Yes! I was visiting my father in Michigan one fall for a weekend. He was homeless at the time and was staying in an old house that belonged to a friend. The friend had bought the house with the idea of flipping it, but it was full of junk left behind by the people who had lived there before. My father would stay in the house and help clean and fix things up to get it ready to be either turned into a rental or sold. I was helping him clean and, in the process, I found an old box of letters written from the late 1930s through the mid-1940s sealed in an old freezer bag. All the letters were from the same person and kept very well, alongside a handful of old pictures. These letters are what then became the inspiration for Luie. In using inspiration from the letters, Jeanne happened as a response to the actual letters. Originally, I was just going to use it as a writing exercise, but I kept coming back to the same characters and the threads that held them together. NaNoWriMo finally gave me an excuse to put the whole thing together, and many drafts and a KickStarter later—here we are.


7) What was the process like in adapting the real letters into the story they became?

I think I worried my husband a bit during the whole process. The first draft came out of NaNoWriMo, which if you don’t know, is during the month of November when writers undertake the momentous task of writing 50,000 words in a month. Couple that with a retail carrier for a day job and I was a caffeinated, sleepless mess. I would come home and hole myself up and pull up the good old YouTube and search for music and radio dramas from the 1930s and 1940s as background noise as I wrote. The original letters mentioned songs and artists that I would take extra care to look up as I was writing to get a better feel for the girls. Some of these are mentioned throughout the letters between Jeanne and Luie.


Letters themselves don’t usually tell a neat and clear-cut story. Life happens in between the time each letter is written, and not everything is always chronicled like a bullet journal or diary. I wanted to do the same for The Genesee Letters as well. I wanted each letter to string together to the next but leave enough room that the reader could also craft their own story in between the lines.


8) While this takes place during the 1940s there’s a lot of elements that wouldn’t be out of place in a modern story. What elements do you feel really transcend time?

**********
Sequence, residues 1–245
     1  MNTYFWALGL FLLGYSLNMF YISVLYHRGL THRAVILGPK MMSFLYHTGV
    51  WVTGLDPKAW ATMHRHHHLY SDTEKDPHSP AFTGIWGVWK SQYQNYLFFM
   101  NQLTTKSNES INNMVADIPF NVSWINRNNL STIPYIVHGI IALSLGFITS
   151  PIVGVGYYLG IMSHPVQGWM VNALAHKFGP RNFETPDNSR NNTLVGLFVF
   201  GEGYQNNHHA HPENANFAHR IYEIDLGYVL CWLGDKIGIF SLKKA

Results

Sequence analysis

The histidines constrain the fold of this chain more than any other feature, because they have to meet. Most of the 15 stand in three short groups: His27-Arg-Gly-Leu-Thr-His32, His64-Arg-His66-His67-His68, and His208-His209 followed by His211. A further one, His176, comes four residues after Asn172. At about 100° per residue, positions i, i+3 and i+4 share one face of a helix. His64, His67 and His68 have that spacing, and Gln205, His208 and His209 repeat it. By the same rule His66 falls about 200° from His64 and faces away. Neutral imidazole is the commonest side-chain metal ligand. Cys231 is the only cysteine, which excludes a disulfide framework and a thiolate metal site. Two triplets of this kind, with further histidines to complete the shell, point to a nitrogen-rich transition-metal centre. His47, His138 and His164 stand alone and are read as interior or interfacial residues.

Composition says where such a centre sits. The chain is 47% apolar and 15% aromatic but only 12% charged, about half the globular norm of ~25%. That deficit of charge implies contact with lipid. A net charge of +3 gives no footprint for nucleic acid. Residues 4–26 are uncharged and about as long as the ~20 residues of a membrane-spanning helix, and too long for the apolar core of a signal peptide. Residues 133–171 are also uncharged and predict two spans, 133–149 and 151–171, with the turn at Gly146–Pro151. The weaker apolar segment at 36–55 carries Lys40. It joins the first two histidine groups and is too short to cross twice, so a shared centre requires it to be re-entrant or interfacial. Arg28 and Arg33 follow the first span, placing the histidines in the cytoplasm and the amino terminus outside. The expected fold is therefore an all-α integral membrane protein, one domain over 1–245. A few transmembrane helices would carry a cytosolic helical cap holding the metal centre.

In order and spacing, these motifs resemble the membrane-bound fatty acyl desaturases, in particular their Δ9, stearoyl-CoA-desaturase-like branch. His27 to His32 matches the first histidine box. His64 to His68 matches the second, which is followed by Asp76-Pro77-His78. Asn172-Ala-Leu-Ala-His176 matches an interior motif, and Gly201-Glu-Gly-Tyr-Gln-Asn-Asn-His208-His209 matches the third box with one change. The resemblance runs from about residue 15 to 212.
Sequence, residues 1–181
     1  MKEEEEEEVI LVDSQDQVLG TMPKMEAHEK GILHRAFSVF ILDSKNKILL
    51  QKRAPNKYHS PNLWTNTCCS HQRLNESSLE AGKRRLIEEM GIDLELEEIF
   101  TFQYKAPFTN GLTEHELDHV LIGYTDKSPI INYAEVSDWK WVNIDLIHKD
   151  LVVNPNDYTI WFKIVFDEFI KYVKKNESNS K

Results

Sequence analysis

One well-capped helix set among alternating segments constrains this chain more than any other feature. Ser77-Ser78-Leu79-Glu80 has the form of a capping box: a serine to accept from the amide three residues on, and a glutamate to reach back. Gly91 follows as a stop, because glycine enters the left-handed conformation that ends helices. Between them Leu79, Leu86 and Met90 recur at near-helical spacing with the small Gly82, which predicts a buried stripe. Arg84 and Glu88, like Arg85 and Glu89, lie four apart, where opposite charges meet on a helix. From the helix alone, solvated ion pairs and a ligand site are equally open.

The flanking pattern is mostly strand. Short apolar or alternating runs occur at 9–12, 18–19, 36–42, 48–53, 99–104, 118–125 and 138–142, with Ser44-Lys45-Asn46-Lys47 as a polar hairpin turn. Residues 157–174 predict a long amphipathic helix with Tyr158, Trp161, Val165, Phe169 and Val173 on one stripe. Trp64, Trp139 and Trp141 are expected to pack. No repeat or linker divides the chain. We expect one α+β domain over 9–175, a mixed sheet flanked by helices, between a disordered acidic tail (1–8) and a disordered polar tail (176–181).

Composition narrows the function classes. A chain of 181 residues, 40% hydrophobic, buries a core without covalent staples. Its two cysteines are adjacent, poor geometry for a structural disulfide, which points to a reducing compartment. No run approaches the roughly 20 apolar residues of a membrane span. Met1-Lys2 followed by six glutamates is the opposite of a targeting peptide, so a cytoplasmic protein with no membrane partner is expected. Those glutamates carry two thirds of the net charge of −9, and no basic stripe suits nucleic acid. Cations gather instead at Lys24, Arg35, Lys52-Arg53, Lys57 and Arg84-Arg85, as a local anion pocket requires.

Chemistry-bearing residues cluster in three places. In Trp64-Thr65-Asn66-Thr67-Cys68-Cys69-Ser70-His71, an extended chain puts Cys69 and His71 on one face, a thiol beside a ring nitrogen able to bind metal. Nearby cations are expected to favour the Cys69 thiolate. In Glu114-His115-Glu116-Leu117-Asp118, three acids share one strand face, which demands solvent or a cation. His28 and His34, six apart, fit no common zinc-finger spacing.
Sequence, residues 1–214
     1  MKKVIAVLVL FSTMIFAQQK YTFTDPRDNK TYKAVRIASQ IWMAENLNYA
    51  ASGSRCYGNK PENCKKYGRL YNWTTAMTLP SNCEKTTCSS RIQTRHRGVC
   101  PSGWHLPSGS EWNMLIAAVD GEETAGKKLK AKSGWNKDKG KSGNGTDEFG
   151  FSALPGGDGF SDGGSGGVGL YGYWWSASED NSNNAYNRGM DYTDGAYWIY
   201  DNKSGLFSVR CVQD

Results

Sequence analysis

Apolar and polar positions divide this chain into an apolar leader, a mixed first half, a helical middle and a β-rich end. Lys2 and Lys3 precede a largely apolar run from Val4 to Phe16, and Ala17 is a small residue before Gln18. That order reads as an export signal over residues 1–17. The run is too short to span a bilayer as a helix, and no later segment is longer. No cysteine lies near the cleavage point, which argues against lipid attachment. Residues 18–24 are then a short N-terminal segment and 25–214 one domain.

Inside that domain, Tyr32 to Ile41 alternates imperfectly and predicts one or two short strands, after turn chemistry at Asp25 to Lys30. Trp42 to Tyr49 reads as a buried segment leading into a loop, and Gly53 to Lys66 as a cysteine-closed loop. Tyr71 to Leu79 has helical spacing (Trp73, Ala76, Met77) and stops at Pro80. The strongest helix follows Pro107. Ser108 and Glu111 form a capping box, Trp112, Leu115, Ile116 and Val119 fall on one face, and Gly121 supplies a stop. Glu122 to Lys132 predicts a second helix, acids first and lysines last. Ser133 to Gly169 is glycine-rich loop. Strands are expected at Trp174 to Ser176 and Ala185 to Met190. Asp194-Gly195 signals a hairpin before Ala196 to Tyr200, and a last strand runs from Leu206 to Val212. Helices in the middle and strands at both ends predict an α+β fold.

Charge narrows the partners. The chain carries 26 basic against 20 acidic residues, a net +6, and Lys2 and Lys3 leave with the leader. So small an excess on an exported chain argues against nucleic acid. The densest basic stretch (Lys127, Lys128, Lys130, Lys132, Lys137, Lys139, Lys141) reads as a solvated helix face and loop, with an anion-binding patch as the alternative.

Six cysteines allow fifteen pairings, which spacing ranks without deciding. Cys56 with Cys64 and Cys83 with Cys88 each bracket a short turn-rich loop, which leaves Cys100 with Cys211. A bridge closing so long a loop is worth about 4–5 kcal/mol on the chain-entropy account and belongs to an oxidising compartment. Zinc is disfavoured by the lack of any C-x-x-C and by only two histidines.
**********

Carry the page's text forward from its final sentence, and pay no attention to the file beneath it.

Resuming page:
It surprised me how much the letters I had read sounded like something that could have happened today. I tried to capture that as best I could when writing Jeanne and Luie. Luie is just a bit boy-crazy and flighty. Jeanne feels overshadowed and that Luie is sometimes there to sweep what she wants out from underneath her. These are feelings that many people can relate to. Jeanne is also struggling with her family and the changing dynamics at home. I think that the awkwardness of growing up is something that everyone must go through.


9) What do you hope readers will take with them after reading The Genesee Letters?

I just hope that people enjoy it. It wrote The Genesee Letters because it was a story I wanted to tell and honestly, because I had fun doing it. Hopefully someone out there will also have fun reading it. Maybe it will inspire people to write their own letters. The idea of writing letters is so romantic, and I don’t mean the lovey sort of romantic. But there is something so wonderful about the idea of sending someone a handwritten letter. It means you had to dedicate time to the person you are sending it to, take care to write legibly (if you are like me that is extra hard). I don’t know. What I do know is that I would like to see more handwritten letters in my world.


10) What do you think happened to the characters after the book ended?

I think that while they continued to care about each other and continued to write to each other, as they continued to grow they got more involved in their own separate lives. Those letters and visits became less frequent, until they were just fond memories.



Read the book for yourself!


For a LIMITED TIME we are offering

The Genesee Letters

for only $7!


These will be copies signed by

C.W. Phelps herself!